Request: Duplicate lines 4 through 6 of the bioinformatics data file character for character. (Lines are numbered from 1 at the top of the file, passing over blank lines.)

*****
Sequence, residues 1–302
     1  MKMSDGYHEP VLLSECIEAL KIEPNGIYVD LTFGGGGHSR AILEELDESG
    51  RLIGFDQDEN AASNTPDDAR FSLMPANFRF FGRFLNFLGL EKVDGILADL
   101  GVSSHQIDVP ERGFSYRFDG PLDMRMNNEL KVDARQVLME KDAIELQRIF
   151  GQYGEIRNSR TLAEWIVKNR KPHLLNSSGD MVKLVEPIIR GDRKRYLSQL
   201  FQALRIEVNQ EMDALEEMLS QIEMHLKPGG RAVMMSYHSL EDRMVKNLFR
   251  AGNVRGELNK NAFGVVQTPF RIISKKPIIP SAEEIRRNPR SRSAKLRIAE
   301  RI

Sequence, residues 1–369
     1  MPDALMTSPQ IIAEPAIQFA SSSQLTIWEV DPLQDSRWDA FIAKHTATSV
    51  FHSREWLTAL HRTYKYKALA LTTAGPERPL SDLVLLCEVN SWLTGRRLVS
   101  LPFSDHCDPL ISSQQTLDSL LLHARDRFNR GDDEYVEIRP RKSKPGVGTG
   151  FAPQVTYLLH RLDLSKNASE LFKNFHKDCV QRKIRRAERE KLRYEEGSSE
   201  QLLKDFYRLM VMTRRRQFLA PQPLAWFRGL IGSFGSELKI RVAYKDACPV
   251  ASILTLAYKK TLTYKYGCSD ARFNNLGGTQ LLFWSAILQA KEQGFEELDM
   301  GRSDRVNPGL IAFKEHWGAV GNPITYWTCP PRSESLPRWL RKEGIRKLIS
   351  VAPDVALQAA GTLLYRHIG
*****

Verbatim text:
   101  GVSSHQIDVP ERGFSYRFDG PLDMRMNNEL KVDARQVLME KDAIELQRIF
   151  GQYGEIRNSR TLAEWIVKNR KPHLLNSSGD MVKLVEPIIR GDRKRYLSQL
   201  FQALRIEVNQ EMDALEEMLS QIEMHLKPGG RAVMMSYHSL EDRMVKNLFR